QAnon Seems Like It’s Finished. Here’s Why It’s Not.

QAnon, the mysterious avatar claiming to be a small team of military intelligence officers and Trump officials using 8chan to leak information on an upcoming purge of the deep state, hasn’t posted since August 1st. With 8chan down, and Q’s own posts instructing followers that there are “no outside comms,” no new posts seem to be forthcoming, either.

What’s more, Google searches for QAnon have crashed, hitting their low over the last year. A movement with no new material to research, no communications from its leader, and slackening interest among newcomers would seem to be a movement that has little left in the tank, and is near death. Right?

Don’t be so sure. In fact, I’ve found it’s wise to never count out QAnon, or to underestimate the fervency with which its believers cling to it. From an anecdotal point of view, I’ve had numerous QAnon believers tell me without hesitation that they will never give up on their faith that the deep state is real, the pedophile rings it protects are evil, and that the good guys are taking them down. And I did those interviews after a month without Q posting.

Think about it. Let’s just say you thought that Donald Trump was leading a secret effort to destroy the most evil people in the world. And what’s more, you thought Q was giving you not only ringside seats, but a way to help in the fight (making memes, doing research digs, etc,) would you stop believing that? Q believers think nothing less than Trump is leading them in a secret war between God and Satan. The war doesn’t stop just because Q has gone silent. And the people fighting that war don’t lay down their digital arms.

Remember, Q is a scam – but it’s also a prophecy cult. Those don’t give up their members just because the prophecies stop coming.

The QAnon gurus who interpret the posts and monetize their findings understand this. They know that thanks to their tireless scamming and hyping, they’ve got a captive audience. Many of these people have alienated or pushed away family members and friends thanks to the relentless drumbeat of videos and podcasts these people create. And so, they haven’t stopped making new material. And Q believers haven’t stopped consuming it.

Yes, searches for QAnon on Google are down. But Google is the enemy according to QAnon, and real Q Team Patriots use other search engines like DuckDuckGo, or Yippy. Where real QAnon engagement metrics can be found are on YouTube and Twitter, and on there, QAnon is still going strong. For one thing, QAnon searches on YouTube itself are holding steady, having regular peaks and valleys, but never falling off a cliff for good.

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Beyond that, the views that QAnon decoders are getting on their YouTube videos and streams are down, but still high. Major Q decoder (and possible tax scofflaw) Praying Medic is still putting up QAnon videos, and still getting six figures in views for them – including for five of the last ten videos he’s put up.

Likewise, conspiracy theory channel Edge of Wonder is still getting upwards of 90k views on videos and streams for new content that explicitly references QAnon, or QAnon plotlines like the “deep state.” Similar QAnon/deep state channels like RedPillNews and X22 Report are keeping up their viewership as well, routinely getting high five figure views. It’s clear that the appetite for this material is still out there, and still being satisfied, even if not all of it directly related to QAnon.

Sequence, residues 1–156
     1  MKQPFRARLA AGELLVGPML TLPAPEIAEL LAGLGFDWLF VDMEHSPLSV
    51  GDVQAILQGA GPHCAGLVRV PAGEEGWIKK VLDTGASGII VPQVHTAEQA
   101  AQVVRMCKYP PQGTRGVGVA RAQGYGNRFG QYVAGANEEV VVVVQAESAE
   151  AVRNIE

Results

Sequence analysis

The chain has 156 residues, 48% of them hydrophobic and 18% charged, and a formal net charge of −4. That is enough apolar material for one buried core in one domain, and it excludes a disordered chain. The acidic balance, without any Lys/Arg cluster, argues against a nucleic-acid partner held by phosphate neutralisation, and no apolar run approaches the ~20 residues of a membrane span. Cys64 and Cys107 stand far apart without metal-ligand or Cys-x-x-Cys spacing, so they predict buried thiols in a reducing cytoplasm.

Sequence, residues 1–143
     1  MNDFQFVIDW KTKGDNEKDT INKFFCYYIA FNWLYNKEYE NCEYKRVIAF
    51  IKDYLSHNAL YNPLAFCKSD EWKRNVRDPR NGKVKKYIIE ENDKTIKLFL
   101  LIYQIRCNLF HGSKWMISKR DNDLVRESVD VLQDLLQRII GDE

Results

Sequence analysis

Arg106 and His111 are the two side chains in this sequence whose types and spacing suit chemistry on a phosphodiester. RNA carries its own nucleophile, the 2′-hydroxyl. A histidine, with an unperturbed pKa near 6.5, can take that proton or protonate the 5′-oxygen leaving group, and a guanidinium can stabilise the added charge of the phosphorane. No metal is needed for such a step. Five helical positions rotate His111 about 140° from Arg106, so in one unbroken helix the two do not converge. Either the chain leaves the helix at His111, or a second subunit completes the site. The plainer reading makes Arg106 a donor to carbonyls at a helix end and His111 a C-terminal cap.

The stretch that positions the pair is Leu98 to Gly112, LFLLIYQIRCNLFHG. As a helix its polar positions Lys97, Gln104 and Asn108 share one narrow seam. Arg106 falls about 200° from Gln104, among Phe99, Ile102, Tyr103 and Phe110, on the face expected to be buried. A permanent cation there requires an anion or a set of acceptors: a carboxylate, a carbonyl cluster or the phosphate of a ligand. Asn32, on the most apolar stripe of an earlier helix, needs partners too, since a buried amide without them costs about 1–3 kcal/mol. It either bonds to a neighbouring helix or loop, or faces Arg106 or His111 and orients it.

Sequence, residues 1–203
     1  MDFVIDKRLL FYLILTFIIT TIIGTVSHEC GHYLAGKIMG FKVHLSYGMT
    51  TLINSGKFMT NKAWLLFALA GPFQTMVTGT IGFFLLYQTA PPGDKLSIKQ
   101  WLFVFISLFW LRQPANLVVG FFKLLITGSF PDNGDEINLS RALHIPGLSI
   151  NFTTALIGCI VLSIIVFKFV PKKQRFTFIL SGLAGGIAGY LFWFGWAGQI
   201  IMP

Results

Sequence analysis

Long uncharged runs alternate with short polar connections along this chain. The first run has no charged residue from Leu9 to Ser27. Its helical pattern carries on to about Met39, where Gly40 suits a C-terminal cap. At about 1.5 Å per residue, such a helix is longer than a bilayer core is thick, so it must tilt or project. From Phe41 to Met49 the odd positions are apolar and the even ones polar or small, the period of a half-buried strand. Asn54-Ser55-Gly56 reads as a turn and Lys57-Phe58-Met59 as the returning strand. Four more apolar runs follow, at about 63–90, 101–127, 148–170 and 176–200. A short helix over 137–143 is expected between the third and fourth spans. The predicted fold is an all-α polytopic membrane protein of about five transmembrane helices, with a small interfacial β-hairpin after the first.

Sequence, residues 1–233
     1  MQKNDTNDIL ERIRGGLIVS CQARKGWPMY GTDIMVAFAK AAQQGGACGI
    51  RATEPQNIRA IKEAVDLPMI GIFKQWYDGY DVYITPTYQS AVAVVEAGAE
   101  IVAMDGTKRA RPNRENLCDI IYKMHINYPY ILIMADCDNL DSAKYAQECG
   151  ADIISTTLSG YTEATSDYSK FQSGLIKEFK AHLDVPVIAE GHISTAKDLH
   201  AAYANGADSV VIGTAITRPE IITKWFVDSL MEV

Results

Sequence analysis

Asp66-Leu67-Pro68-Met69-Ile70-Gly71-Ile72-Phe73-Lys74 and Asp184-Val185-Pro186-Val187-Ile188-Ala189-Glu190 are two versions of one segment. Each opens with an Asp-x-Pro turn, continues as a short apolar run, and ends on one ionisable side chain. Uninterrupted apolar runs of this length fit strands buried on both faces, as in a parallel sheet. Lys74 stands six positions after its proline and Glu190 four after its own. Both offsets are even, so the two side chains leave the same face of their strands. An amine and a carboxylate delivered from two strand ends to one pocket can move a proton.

It’s the same on Twitter. The classic Q grifters are still going strong, with Joe M, RunningTheRace, InTheMatrixxx and others getting their usual thousands of likes and retweets for their social nonsense. And there’s a new generation of Q grifters out there, capitalizing on the endless well of need that conspiracy boomers represent. One guy who claims to be a major in the US military has picked up a big following quickly by spewing out Q memes and deep state nonsense.

Then there’s “JohnHereToHelp,” a self-described insider whistleblower ready to pull the curtain back on deep state after a career spent infiltrating the bad guys.

And finally, there’s “ChiefPolice2,” an anon who has claimed to be both a retired police chief and a detective who has built up a small but vocal following with his inane spews of QAnon-adjacent conspiracy theories about medical bleach solution and Joe Biden being replaced by a body double.

Even if these weren’t signs that QAnon is still just as popular as ever among the people who believe it, there’s no reason to think 8chan isn’t coming back at some point. It’s current owner, Q-pin-wearing pig farmer Jim Watkins, has said as much on a number of occasions. Nobody makes money from a website that doesn’t work, and Watkins has absolutely no incentive to let it die.

It’s a valuable property, even if its value comes entirely from stoking racial hate and demented conspiracy theories. The moment 8chan comes back, Q will be back in play. And it won’t be long until the Q posts flow again – and with the, the decodings, the videos, and most importantly, the grift.

Why isn’t Q dead? Because greed will never die.

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2 thoughts on “QAnon Seems Like It’s Finished. Here’s Why It’s Not.

    • Oh sure, because discussing something means you believe in it. What an idiot, logic fail. More psychological projection from a person most likely with mental issues because they want to believe they’re privy to special information.

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